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Trinational conservation plan outlines strategy to help Mexico save the endangered vaquita porpoise

LatinaLista — One of the more positive programs to come as a result of the North American Free Trade Act (NAFTA) was the creation of the Commission for Environmental Cooperation (CEC).
The CEC’s job is to basically enforce environmental law and address regional environmental concerns. Their latest project comes at the request of the three governments that comprise the CEC — Mexico, Canada and the United States.

Vaquita dolphins caught in Mexico.
The countries asked the CEC to draft a plan to save the endangered porpoise known as the vaquita from extinction. Living only off the coast of Mexico in the Upper Gulf of California, the vaquita number 150 today.
If urgent action isn’t taken, according to the CEC, the number could drop to as low as 50 in two years. This isn’t the first time that attention has been drawn to the plight of the small porpoise but conflicts with the local fishermen have made trying to enforce any preservation measure futile.
So, the CEC drafted a trilingual (Spanish, French and English) plan called the North American Conservation Action Plan.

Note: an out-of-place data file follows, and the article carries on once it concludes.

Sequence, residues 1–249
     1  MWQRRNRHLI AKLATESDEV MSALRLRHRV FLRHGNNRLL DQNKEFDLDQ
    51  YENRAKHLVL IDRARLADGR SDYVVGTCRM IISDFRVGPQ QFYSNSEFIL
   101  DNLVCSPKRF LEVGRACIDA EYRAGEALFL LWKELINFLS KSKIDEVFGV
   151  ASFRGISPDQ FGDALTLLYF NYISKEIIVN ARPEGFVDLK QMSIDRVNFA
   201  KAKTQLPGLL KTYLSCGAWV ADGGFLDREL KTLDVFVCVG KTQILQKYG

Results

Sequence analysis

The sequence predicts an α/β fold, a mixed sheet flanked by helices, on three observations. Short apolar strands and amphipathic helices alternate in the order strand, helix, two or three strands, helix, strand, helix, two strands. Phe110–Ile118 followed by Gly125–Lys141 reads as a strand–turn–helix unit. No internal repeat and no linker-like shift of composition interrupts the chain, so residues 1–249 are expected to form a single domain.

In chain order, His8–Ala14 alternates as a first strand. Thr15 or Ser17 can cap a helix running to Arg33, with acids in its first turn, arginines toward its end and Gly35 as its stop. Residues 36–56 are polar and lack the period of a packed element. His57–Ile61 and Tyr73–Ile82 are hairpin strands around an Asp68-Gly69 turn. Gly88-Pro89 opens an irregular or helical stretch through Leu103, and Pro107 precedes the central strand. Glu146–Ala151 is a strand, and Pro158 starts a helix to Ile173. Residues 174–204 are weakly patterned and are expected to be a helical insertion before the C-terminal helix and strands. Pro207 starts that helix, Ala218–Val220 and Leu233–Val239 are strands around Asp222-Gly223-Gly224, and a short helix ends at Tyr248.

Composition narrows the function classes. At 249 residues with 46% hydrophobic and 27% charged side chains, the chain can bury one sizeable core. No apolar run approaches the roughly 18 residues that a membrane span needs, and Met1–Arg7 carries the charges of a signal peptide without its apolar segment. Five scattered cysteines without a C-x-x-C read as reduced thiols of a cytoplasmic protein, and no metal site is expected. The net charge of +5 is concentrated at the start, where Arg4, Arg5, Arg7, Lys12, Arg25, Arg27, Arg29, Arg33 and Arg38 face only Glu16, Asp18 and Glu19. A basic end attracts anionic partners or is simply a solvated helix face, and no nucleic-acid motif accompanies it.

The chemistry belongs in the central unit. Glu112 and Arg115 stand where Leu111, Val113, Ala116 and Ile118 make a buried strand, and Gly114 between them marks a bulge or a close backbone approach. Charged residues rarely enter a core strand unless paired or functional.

In it, the CEC drafted ways to work with the indigenous communities to create “vaquita-safe fishing methods” and sustainable economies.
“The objective of the recovery efforts is for people who make their living from fishing to see the vaquita as an opportunity for economic and social well-being, and not a threat to their future,” said Adrian Vazquez-Galvez, executive director of the CEC. “In the end, only with the support of Upper Gulf communities can we achieve vaquita recovery and the conservation of the region’s marine resources as a whole.”
It will also take an overall heightened public awareness and cooperation from the private and public sector to make changes that benefit both the local economy and the environment — a cooperation that must span borders for the good of all.

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